Groundwater Pumping Can Have Long-Term Consequences: Sinkholes
As the drought continues, Arizona may have to rely more on groundwater and less on the Colorado River, but groundwater pumping may have consequences.
In 2007, a fissure in Chandler Heights swallowed a 13-year-old horse named Cash. The fissures can be a byproduct of groundwater pumping. Although some aquifers are made of solid rock, others are less stable.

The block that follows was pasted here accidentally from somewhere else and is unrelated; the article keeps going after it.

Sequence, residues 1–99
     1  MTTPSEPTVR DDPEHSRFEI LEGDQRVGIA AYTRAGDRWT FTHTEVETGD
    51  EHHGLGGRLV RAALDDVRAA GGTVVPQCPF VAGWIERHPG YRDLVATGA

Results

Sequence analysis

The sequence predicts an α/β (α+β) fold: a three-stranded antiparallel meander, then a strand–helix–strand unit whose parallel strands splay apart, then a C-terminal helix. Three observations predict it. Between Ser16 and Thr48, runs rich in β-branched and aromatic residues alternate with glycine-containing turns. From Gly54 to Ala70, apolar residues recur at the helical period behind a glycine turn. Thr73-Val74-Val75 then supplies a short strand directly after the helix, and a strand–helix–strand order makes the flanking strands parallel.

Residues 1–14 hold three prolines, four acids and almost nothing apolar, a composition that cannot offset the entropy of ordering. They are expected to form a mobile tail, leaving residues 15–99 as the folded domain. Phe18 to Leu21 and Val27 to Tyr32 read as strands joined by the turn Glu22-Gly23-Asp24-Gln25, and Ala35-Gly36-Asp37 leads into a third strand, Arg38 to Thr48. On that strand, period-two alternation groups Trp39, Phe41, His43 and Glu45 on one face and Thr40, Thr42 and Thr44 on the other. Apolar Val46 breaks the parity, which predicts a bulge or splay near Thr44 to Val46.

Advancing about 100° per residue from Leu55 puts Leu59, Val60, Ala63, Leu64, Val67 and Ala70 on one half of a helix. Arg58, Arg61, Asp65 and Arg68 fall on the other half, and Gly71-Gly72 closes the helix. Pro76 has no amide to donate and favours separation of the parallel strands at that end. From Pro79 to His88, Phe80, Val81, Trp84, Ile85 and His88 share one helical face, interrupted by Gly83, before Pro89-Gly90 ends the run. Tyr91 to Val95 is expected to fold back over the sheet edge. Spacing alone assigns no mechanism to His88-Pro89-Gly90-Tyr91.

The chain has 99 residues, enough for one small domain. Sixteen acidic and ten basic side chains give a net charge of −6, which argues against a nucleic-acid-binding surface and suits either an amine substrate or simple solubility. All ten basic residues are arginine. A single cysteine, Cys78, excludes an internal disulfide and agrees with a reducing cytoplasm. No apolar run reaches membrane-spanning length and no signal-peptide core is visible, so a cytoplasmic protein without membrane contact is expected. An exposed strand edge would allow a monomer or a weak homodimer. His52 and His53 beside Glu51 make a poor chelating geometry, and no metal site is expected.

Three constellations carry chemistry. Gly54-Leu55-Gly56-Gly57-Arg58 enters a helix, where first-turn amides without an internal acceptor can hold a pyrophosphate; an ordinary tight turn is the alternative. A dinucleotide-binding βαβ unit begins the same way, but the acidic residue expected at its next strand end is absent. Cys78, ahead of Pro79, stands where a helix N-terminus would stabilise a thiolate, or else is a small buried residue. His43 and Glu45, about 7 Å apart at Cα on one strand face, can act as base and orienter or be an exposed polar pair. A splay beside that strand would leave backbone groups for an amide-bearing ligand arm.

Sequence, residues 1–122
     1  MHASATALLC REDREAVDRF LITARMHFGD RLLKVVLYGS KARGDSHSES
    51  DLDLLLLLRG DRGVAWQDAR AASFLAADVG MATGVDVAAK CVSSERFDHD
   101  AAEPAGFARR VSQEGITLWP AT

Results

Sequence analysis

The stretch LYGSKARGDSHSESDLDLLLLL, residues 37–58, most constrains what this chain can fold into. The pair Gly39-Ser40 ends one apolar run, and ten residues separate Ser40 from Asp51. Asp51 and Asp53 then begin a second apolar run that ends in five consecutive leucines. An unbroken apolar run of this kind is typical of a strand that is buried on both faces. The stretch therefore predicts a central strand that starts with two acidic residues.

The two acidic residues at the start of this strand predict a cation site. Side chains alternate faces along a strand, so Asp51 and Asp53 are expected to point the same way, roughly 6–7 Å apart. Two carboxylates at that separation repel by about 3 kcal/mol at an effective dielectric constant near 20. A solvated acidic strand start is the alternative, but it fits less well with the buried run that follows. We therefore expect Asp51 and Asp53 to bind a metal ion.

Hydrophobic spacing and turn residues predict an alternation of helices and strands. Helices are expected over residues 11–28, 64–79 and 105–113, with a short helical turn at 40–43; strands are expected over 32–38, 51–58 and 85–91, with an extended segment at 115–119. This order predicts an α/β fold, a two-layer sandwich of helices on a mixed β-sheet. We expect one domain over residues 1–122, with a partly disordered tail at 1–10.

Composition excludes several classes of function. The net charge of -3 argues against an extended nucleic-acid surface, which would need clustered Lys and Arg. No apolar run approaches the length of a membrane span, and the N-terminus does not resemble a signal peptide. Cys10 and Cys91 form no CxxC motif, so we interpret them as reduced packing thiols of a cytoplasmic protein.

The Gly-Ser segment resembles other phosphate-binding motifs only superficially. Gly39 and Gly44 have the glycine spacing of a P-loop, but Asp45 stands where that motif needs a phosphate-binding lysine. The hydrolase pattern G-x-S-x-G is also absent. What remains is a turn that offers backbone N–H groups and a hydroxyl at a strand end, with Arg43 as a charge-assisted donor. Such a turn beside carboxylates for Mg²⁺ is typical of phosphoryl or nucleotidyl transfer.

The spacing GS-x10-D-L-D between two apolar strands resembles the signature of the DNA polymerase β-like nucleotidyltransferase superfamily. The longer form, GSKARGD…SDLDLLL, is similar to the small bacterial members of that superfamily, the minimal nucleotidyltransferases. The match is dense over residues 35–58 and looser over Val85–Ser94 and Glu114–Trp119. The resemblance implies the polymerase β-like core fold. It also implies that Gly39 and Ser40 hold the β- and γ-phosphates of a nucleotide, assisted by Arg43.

They’re made of gravel and sand, held in place by the pressure of groundwater. When that water is removed, the geology rearranges itself, creating fissures and sinkholes, said Grace Carlson, a post-graduate researcher at Arizona State University.
“Some of them are quite small, but they can get to be really, really large, like more than a kilometer long, four meters wide, 30 meters deep, so they can be really dangerous," Carlson said.
Attempts to fill in the fissures have been unsuccessful; once one has opened, there is not much that can be done about it.